SafeWorkers - 17-Jan-17 @ 10:52 AM
I have been with my company for over three and a half years - i have never been given a contract or written statement - they have now presented me with a contract but have changed a number of the verbal agreements I had with them including my agreed days odd - it was agreed i have two Saturdays off per month now the contract states we are only allowed either one monday or one saturday per month the rest of the days off will be one other weekday and a sunday - as I have not yet signed the contract - would I automatically be bound by the new contract terms or would I still be under my verbal agreement...as I have not yet signed the new contract - I have been informed if i continue to work at the job for over 28 days and have not yet signed the contract it is automatically signed... is this also correct?- what can i do in regards to the change of my agreed days off?
anonymous - 16-Jan-17 @ 10:06 AM
I'm on a part-time contract of 24 hours per week with my employer but was only given 16 hours for last week without any notice can I sue for breach of contract ?
Mrviperx - 14-Jan-17 @ 8:19 PM
jonnyf - Your Question:
My employment contract states that although I am expected to work bank holidays, I will receive time and a half pay for bank holidays. This year new years day landed on a sunday, I worked the monday which was a bank holiday, but my company are refusing to pay time and a half, as are paying the new years day as a bank holiday. Is this a legitimate practice?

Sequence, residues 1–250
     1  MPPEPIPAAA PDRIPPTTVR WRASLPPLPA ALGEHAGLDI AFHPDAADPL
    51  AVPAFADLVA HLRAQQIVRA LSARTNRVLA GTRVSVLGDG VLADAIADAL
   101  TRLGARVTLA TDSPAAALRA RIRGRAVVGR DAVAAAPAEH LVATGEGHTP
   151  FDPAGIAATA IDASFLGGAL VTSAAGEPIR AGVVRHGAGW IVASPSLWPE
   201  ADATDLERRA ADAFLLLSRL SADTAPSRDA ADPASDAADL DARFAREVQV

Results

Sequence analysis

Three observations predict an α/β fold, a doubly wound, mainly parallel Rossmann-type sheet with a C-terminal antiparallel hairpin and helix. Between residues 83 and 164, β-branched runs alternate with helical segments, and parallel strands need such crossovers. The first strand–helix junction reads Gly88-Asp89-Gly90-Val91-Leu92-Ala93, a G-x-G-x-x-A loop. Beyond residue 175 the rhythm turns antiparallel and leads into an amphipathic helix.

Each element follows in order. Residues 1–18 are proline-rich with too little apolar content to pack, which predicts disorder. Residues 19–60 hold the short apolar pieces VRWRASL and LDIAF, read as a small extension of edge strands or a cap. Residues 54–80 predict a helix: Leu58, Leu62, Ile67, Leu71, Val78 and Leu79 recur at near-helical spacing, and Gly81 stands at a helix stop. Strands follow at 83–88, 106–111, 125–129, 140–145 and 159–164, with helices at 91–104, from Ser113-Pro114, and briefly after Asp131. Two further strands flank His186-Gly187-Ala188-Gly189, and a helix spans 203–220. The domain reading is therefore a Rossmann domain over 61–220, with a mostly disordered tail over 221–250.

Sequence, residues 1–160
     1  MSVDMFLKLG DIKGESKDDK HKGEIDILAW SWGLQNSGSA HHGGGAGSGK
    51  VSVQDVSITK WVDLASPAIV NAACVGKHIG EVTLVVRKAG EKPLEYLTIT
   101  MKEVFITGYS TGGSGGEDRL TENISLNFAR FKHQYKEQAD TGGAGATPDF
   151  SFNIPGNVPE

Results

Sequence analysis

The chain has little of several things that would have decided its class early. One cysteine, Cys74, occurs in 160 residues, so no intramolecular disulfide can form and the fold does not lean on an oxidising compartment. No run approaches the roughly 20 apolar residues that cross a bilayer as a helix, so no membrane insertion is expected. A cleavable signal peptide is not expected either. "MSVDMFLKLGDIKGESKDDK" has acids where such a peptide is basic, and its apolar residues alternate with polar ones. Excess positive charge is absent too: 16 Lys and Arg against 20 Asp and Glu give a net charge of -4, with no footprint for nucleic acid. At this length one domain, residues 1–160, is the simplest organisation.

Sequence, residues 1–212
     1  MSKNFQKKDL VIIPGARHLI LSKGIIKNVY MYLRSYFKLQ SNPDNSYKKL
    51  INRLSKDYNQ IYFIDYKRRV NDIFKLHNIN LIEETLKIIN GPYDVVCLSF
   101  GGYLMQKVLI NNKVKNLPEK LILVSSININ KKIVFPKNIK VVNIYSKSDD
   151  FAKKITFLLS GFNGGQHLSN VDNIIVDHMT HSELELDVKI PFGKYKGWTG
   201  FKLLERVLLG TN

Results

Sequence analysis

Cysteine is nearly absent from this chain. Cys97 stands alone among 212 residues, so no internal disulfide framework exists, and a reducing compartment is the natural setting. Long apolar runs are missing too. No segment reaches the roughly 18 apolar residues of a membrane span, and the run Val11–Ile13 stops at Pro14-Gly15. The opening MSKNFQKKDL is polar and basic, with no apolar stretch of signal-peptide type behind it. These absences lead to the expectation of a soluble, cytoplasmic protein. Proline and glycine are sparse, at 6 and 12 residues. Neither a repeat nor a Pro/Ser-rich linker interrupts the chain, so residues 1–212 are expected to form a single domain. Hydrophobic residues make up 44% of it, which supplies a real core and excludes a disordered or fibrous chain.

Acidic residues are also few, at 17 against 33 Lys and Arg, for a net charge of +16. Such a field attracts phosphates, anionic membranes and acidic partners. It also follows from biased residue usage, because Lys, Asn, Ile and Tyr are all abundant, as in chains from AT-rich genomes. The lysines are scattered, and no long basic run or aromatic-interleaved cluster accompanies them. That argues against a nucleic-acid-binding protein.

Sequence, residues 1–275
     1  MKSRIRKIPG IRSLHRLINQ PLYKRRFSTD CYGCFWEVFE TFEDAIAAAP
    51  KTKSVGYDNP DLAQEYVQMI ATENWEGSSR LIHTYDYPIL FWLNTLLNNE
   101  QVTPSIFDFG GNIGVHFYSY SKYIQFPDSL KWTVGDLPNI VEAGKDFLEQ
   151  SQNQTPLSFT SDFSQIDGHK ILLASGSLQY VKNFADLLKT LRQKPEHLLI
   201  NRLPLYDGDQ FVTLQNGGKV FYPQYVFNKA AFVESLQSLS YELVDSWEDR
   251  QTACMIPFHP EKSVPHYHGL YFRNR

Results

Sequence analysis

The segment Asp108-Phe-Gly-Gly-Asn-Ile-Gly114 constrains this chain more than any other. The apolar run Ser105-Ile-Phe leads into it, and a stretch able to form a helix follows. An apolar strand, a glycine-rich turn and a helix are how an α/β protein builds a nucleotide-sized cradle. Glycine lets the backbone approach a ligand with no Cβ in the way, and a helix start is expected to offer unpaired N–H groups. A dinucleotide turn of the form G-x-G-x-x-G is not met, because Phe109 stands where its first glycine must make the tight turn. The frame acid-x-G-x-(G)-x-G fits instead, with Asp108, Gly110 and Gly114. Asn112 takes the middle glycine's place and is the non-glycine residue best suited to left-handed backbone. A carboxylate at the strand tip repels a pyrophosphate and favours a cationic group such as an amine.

Our Response:
Do you normally work Sundays? If your workplace was open on the Sunday and your employer chose to pay that day as a bank holiday, then they are within their rights to do so depending on the exact wording of your contract. Employers are not obliged to give their employees the day of on bank holidays.
SafeWorkers - 13-Jan-17 @ 2:27 PM
My employment contract states that although I am expected to work bank holidays, I will receive time and a half pay for bank holidays. This year new years day landed on a sunday, I worked the monday which was a bank holiday, but my company are refusing to pay time and a half, as are paying the new years day as a bank holiday. Is this a legitimate practice?
jonnyf - 13-Jan-17 @ 2:09 PM
I work for a company and I'm only on a 4 hour contract but I work easy 30+ hours a weeks I was just wondering is it fair that I was to go on holiday I only get 16 hours all year?
Bobbie - 12-Jan-17 @ 5:26 PM
sarahlou - Your Question:
I have been working with my employer since September 2016 I was told the job would be 32 hours a week sometimes I work more but sometimes I work less should I still get paid the 32 if I dont work them? I havent got a written contract as of yet it was just a verbal aggreement my work is only a small company of 8 people your input would be appreciated.

Our Response:
Ask for a contract. You should have one by now. If you took on the role on the basis that it was 32 hours per week and that's what you're contracted to do, then that's what you should be paid.
SafeWorkers - 11-Jan-17 @ 12:25 PM
i have been working with my employer since September 2016 i was told the job would be 32 hours a week sometimes i work more but sometimes i work less should i still get paid the 32 if i dont work them? i havent got a written contract as of yet it was just a verbal aggreement my work is only a small company of 8 peopleyour input would be appreciated.
sarahlou - 10-Jan-17 @ 5:13 PM
zoonie - Your Question:
Hi I have worked for 6 days a week for a year and my contract is only 3 days a week but due to the nature of the work I do I have to work 6 days due to business demands am I entitled to ask my employer for a contract to reflect this